- The expertise and skill sets required to identify present and, more important, future international business development opportunities and to develop relationships with future political influencers will differ across the territories, as will successful methods of engagement.
- The entire network of people involved, at home in Canada and across its U.S. network, needs to be laser-focused on aligning itself with the result: The future and sustained prosperity of Canada. Keeping that lens in focus should assist those involved in ensuring a proper mix of intense, immediate and issue-based efforts that are forward-looking and move us beyond the traditional narrative of the future of Canada-U.S. economic links. As Canada’s consul general in New York City describes it, areas such as tech and culture should be seen as “pull equations.” They should pull immigration (one of the key drivers of Canada’s ability to lead and not lag), pull investment and pull decision-making to Canada.
- There is an alignment and intersection between technology and cultural diplomacy that cannot be overlooked. A story shared by Canadian ambassador Jeremy Kinsman from his time serving in Italy, crystallizes it perfectly. Picture this: Italy is going through massive privatization of its telecom and tech sectors. BCE, Nortel, RIM, were players and bidders, but no one in Italy associated Canada with tech innovation and delivery. It wasn’t outcalls, trade shows and formal product demonstrations that ultimately changed the narrative. What did? Showcasing to top audiences Robert Lepage’s one-person tech-based dramas; Rhombus Media’s unique productions (inserting Yo-Yo Ma playing the Bach cello suites inside 3D projections of Bernini drawings of ruined prisons); Pinchas Zuckerman, then conductor of the NAC Orchestra, doing master classes in Italy through high-speed internet; saving Siena’s Duomo with Canadian 3D-imaging for water saturation.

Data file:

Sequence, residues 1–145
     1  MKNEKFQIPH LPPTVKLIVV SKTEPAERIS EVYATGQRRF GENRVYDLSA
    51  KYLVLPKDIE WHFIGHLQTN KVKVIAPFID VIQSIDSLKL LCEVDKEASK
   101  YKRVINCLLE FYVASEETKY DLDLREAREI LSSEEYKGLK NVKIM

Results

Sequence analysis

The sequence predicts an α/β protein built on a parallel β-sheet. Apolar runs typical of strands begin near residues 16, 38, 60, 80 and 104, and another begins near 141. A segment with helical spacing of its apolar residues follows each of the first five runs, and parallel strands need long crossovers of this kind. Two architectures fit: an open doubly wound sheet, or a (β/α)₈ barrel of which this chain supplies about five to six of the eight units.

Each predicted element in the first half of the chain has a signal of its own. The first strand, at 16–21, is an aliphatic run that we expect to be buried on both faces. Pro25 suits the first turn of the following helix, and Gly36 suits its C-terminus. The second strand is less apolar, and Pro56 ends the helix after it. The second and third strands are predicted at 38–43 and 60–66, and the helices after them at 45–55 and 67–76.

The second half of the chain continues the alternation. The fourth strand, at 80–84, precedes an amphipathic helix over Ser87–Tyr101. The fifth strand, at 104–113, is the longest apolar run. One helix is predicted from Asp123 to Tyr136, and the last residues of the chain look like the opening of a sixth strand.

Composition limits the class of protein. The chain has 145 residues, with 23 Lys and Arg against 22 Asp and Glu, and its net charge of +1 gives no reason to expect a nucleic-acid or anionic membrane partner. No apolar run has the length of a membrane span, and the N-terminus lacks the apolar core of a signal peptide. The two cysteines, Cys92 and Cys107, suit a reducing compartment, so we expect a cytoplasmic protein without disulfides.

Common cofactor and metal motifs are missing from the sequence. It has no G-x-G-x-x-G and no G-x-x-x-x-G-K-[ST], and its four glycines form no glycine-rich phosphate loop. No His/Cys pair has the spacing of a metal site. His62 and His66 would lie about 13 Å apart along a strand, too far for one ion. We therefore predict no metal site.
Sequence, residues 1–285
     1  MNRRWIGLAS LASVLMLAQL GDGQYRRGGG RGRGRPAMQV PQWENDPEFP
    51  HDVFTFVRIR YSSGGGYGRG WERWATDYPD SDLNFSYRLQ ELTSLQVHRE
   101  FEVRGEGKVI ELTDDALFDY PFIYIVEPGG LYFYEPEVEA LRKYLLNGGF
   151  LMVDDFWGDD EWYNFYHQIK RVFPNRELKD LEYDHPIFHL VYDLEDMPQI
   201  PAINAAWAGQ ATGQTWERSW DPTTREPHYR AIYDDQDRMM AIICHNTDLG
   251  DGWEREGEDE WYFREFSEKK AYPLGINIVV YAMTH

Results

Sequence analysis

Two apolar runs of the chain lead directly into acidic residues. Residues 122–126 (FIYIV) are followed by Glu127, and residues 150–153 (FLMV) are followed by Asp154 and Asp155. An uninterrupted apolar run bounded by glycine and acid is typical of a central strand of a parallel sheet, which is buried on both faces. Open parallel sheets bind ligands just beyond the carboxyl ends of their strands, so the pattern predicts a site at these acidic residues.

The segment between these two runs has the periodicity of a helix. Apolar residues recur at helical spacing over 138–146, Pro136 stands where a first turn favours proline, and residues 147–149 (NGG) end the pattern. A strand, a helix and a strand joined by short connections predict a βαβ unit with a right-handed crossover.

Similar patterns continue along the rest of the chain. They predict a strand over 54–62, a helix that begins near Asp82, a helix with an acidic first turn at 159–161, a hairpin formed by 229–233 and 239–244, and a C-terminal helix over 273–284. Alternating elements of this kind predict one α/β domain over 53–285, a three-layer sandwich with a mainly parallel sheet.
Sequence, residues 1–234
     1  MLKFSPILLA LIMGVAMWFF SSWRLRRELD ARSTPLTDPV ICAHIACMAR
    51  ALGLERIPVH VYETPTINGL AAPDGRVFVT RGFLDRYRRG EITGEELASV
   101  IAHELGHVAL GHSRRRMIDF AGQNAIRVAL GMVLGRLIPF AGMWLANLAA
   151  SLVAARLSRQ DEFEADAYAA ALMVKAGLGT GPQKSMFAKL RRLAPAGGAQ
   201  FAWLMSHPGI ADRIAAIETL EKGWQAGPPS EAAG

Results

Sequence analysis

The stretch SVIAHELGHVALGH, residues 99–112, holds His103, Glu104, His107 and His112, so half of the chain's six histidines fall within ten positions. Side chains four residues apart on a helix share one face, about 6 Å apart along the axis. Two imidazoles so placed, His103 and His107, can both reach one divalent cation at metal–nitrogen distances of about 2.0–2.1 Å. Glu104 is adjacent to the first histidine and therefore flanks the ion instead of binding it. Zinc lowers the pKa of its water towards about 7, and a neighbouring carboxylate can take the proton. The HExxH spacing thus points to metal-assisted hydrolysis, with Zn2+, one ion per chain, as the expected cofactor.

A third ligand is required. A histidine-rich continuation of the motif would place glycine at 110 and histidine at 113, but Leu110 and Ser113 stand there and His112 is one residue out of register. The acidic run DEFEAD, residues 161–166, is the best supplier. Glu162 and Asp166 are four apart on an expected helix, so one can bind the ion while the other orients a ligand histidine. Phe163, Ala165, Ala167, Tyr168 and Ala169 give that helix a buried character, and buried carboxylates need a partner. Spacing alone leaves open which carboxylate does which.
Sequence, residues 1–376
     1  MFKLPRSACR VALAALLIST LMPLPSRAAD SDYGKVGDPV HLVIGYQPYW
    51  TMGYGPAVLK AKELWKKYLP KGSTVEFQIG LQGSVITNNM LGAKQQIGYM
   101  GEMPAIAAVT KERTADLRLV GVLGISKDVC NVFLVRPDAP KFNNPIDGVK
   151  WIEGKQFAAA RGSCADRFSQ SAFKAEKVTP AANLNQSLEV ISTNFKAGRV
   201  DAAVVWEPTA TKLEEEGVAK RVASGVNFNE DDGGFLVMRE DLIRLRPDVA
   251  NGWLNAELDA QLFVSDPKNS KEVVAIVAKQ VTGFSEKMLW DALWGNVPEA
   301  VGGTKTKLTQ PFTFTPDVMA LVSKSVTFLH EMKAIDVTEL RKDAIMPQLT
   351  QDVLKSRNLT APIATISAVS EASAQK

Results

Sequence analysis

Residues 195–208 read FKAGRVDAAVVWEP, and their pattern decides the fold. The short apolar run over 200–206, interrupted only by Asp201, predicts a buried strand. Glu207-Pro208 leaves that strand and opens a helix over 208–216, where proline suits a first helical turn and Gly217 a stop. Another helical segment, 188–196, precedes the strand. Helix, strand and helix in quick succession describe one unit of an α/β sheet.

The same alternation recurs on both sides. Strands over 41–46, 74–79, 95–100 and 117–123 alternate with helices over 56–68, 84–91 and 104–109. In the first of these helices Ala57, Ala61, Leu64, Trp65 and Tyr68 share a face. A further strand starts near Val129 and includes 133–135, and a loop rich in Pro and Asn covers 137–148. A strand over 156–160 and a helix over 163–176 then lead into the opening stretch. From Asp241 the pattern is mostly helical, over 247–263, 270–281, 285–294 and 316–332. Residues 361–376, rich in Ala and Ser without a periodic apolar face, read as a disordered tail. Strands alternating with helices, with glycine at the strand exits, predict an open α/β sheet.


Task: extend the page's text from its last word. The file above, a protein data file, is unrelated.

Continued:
Leveraging Canadian culture and talent lifted Canada’s tech solution-providers and allowed Canada’s reputation for tech solutions to change.
- More than 75 percent of Canadian exports go to the United States. U.S. exports to Canada exceed total U.S. exports to China, Japan, South Korea and Singapore combined and Canada is the No. 1 export market for 35 U.S. states. ↑
- While Canada exported energy products to 148 countries in 2018, the U.S. accounted for 89 percent of Canada’s energy exports by value ($117.8 billion). In the same year, the U.S. accounted for 70 percent of Canada’s energy imports by value ($35.5 billion). ↑
- Academic describes digital diplomacy as a form of public diplomacy. It involves the use of digital technologies and social media platforms such as Twitter, Facebook and Weibo by states to enter into communication with foreign publics usually in a non-costly manner. ↑
- https://www.brookings.edu/wp-content/uploads/2018/11/IntroducingTechplomacy.pdf ↑
- https://sencanada.ca/content/sen/committee/421/AEFA/Reports/Report_CulturalDiplomacy_e.pdf ↑
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PPF would like to acknowledge that the views and opinions expressed in this article are those of the author(s) and do not necessarily reflect those of the project’s partners.